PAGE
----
A brain herniation, or cerebral herniation, occurs when brain tissue, blood, and cerebrospinal fluid (CSF) shifts from their normal position inside the skull. The condition is usually caused by swelling from a head injury, stroke, bleeding, or brain tumor. A brain herniation is a medical emergency and requires immediate medical attention. It’s often fatal if not treated right away.

A brain herniation can be classified by where the brain tissue has shifted. There are three main types of brain herniation:

  • Subfalcine. The brain tissue moves underneath a membrane known as the falx cerebri in the middle of the brain. Brain tissue ends up being pushed across to the other side. This is the most common type of brain herniation.
  • Transtentorial herniation. This type of brain herniation can be further broken down into two types:
    • Descending transtentorial or uncal. The uncus, part of the temporal lobe, is shifted downward into an area known as the posterior fossa. This is the second most common type of brain herniation.
    • Ascending transtentorial herniation. The cerebellum and the brainstem move upward through a notch in a membrane called the tentorium cerebelli.
  • Cerebellar tonsillar. The cerebellar tonsils move downward through the foramen magnum, a natural opening at the base of the skull where the spinal cord connects to the brain.

A brain herniation can also occur through a hole that was created previously during surgery.

A brain herniation is considered a serious emergency. Signs and symptoms may include:

  • dilated pupils
  • headache
  • drowsiness
  • difficulty concentrating
  • high blood pressure
  • loss of reflexes
  • seizures
  • abnormal posturing, rigid body movements, and abnormal positions of the body
  • cardiac arrest
  • loss of consciousness
  • coma

A brain herniation is typically the result of swelling in the brain. The swelling puts pressure on brain tissues (referred to as increased intracranial pressure), causing the tissue to be forced away from its normal positon.

The most common causes of a brain herniation include:

Other reasons for an increase in pressure in the skull include:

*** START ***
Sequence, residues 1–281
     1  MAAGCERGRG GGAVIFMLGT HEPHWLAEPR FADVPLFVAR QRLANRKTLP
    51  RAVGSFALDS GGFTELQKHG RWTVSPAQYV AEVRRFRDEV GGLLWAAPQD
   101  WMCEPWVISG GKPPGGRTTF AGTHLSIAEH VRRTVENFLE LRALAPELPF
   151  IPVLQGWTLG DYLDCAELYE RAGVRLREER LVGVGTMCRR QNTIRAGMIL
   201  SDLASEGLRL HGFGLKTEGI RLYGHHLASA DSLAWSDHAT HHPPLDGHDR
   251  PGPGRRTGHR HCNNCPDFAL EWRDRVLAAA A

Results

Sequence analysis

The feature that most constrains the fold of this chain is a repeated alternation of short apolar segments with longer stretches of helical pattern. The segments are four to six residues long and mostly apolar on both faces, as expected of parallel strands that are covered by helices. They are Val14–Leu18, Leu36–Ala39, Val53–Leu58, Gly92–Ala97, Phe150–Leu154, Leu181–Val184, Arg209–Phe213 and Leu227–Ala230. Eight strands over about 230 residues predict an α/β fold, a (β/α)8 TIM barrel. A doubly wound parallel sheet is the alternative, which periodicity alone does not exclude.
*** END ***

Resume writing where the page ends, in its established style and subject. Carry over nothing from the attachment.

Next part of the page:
People with brain tumors or blood vessel problems, such as an aneurysm, are at a higher risk of having a brain herniation. In addition, any activity or lifestyle choice that puts you at risk for a head injury can also increase your risk of a brain herniation.

Treatment is aimed at relieving the swelling and pressure inside the brain that is causing the brain to herniate from one compartment to another. Treatment will be necessary to save a person’s life.

To reduce swelling and pressure, treatment may involve:

  • surgery to remove a tumor, hematoma (blood clot), or abscess
  • surgery to place a drain called a ventriculostomy through a hole in the skull to get rid of fluids
  • osmotic therapy or diuretics (medications that remove fluid from the body) to pull fluid out of the brain tissue, such as mannitol or hypertonic saline
  • corticosteroids to reduce swelling
  • surgery to remove a part of the skull to make more room (craniectomy)

While the cause of the brain herniation is being addressed, the person being treated may also receive:

  • oxygen
  • a tube placed in their airway to support breathing
  • sedation
  • medications to control seizures
  • antibiotics to treat an abscess or to prevent infection

In addition, a person with a brain herniation will require close monitoring through tests such as:

If not treated right away, the movement of brain tissue can impair vital structures in the body.

Complications of brain herniation include:

The outlook depends on the type and severity of the injury that caused the herniation and where in the brain the herniation occurs. A brain herniation can cut off the blood supply to the brain. For this reason, it will likely be fatal if not treated promptly. Even with treatment, a brain herniation can lead to serious, permanent problems in the brain, or death.

A brain herniation is considered a medical emergency. You should call 911 or go to the emergency room immediately if a person with a head injury or brain tumor becomes less alert or disoriented, has a seizure, or becomes unconscious.